HORTICULTURAL THERAPY & GARDENING AS MEDITATION
Any gardener worth their trowel will tell you that gardening is their preferred form of meditation. But horticultural therapy, or the practice of healing through interaction with plants, is nearly as old as the United States. Dr. Benjamin Rush was a 19th century proponent of horticultural therapy, noting its positive effect on those suffering from mental illnesses.
Following the First and Second World Wars, mentally and physically traumatized veterans engaged in horticultural therapy as a healing practice. This form of therapy, however, has come a long way in the past few decades. Like the plants themselves, this practice took root, branched out, and has flowered in unexpected directions. Here in the 21st century, we have a specific set of protocols and designs for therapy sessions and healing gardens. This form of therapy is a valuable addition to the array of supplementary treatment options available to those in recovery.
First and foremost, horticultural therapy works by facilitating an individual’s interaction with nature. Patients may or may not work with specially trained horticultural therapists. Sometimes, the addition of programming to a patient’s gardening regimen proves effective. Other times, patients tend their gardens alone or in groups.
After all, plants are in and of themselves, deeply stimulating to the senses: they have unique smells and textures, they move and rustle in the wind. Studies show that just encountering plants decreases anxiety and increases wellbeing whether in a greenhouse, garden, or in a residence. Gardening, it turns out, produces an even higher benefit to the individual’s mental health (The Journal of Health Psychology). This is not just because of the Vitamin D generated by exposure to natural light, nor the physical health and dexterity promoted by planting, digging, tilling and trimming.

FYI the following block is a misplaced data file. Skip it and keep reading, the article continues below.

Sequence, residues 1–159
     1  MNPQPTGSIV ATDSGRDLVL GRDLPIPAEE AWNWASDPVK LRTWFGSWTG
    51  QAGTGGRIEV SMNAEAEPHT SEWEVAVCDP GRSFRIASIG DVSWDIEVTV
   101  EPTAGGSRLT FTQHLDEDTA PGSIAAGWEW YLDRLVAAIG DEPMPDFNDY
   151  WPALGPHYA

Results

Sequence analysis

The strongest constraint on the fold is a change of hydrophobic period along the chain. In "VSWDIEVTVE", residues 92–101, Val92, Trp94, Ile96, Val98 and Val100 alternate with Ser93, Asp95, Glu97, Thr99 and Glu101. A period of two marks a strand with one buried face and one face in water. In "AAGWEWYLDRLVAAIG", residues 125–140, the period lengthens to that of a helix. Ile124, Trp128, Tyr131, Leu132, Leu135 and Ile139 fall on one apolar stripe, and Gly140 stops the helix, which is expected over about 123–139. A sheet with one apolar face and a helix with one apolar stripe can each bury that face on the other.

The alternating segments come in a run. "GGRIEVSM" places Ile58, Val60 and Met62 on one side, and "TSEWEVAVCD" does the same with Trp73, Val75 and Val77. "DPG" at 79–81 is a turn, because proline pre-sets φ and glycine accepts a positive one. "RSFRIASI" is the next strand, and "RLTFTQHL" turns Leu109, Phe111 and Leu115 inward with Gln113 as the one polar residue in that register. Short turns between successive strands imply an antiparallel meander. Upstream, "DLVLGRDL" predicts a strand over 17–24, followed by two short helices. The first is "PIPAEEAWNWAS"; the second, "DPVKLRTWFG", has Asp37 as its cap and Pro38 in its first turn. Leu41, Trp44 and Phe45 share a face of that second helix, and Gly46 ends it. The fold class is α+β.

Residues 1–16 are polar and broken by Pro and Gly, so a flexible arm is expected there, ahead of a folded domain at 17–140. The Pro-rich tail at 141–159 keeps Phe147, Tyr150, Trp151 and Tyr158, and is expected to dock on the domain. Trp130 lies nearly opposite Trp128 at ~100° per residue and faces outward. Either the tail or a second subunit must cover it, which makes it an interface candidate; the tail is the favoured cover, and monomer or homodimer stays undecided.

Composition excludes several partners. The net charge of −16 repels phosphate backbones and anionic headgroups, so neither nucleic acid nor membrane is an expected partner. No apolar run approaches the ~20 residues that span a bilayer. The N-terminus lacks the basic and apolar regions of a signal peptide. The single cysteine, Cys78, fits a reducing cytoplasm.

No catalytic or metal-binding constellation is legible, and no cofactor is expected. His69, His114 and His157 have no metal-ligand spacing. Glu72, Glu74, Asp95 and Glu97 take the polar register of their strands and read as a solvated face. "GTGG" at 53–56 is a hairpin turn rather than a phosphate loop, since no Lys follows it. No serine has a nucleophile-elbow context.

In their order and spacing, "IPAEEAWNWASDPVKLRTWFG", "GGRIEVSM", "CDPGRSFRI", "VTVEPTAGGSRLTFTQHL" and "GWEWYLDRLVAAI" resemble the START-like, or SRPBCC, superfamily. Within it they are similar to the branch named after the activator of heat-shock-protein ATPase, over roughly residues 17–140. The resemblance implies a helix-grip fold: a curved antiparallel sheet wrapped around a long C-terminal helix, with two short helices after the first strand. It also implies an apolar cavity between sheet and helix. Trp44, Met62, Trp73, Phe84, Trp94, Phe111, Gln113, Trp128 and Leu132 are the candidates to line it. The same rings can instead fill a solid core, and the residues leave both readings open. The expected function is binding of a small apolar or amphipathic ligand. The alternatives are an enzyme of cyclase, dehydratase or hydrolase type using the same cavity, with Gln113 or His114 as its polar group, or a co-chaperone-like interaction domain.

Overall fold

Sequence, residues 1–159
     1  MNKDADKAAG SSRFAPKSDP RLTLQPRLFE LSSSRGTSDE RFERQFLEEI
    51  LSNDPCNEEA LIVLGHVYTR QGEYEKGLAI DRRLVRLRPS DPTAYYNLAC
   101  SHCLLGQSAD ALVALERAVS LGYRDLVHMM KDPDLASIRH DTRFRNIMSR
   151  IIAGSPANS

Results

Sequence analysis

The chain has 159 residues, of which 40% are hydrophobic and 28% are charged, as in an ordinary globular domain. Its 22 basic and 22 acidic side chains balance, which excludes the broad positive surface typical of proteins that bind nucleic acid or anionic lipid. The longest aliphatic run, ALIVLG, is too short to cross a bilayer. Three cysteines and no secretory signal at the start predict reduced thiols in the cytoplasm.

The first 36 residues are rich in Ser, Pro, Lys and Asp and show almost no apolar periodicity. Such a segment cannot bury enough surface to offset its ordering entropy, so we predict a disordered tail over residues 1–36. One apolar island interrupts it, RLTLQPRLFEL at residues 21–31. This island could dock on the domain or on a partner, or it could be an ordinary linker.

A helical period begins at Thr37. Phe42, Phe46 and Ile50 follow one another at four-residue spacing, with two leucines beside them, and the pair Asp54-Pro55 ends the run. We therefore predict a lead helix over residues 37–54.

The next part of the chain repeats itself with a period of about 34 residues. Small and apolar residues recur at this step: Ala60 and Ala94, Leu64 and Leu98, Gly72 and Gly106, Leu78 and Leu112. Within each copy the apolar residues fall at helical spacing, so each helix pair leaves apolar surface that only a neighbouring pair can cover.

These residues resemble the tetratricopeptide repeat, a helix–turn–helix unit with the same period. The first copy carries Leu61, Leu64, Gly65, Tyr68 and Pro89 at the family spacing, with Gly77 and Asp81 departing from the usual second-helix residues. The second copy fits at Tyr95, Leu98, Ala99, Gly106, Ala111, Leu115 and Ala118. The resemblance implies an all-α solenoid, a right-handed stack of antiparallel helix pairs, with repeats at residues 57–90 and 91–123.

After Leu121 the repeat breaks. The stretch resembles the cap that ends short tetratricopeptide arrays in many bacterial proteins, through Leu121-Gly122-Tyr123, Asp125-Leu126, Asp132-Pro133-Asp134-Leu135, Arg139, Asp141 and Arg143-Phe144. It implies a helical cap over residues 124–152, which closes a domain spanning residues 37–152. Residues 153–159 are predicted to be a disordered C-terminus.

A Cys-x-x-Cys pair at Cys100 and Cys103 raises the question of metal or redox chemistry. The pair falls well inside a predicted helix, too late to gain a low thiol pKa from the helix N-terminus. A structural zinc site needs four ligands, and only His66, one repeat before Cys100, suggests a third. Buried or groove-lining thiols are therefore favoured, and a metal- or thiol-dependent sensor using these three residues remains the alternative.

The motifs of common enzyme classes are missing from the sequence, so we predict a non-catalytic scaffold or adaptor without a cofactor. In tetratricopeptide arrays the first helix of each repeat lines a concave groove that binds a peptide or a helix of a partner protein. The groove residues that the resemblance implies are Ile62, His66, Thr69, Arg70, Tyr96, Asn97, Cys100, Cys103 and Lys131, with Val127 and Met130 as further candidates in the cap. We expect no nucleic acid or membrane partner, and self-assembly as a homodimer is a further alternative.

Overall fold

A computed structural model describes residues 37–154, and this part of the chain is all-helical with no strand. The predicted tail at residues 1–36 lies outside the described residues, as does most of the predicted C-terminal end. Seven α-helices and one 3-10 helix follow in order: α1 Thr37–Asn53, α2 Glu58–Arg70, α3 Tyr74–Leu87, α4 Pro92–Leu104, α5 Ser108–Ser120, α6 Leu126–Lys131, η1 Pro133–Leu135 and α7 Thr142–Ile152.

Many of the benefits conferred by horticultural therapy stem from the responsibility and accomplishment that come with gardening. In a recovery setting, patients often collaborate with one another to maintain the overall health of a therapeutic garden. This improves socialization and accountability.
Additionally, one must mindfully tend to the plants in order to nurture them from seed, to seedling, to full-blown flower. When a plant thrives, the gardener receives a natural and tangible sense of accomplishment that builds self-esteem and confidence. Gardening is a contemplative activity, and moreover, one that mirrors the stages of recovery. At first, there is hopelessness and doubt. Then comes a small, fragile sprout of personal growth. Eventually, this blossoms into a full-blown successful recovery and the patient’s reintroduction to society at large.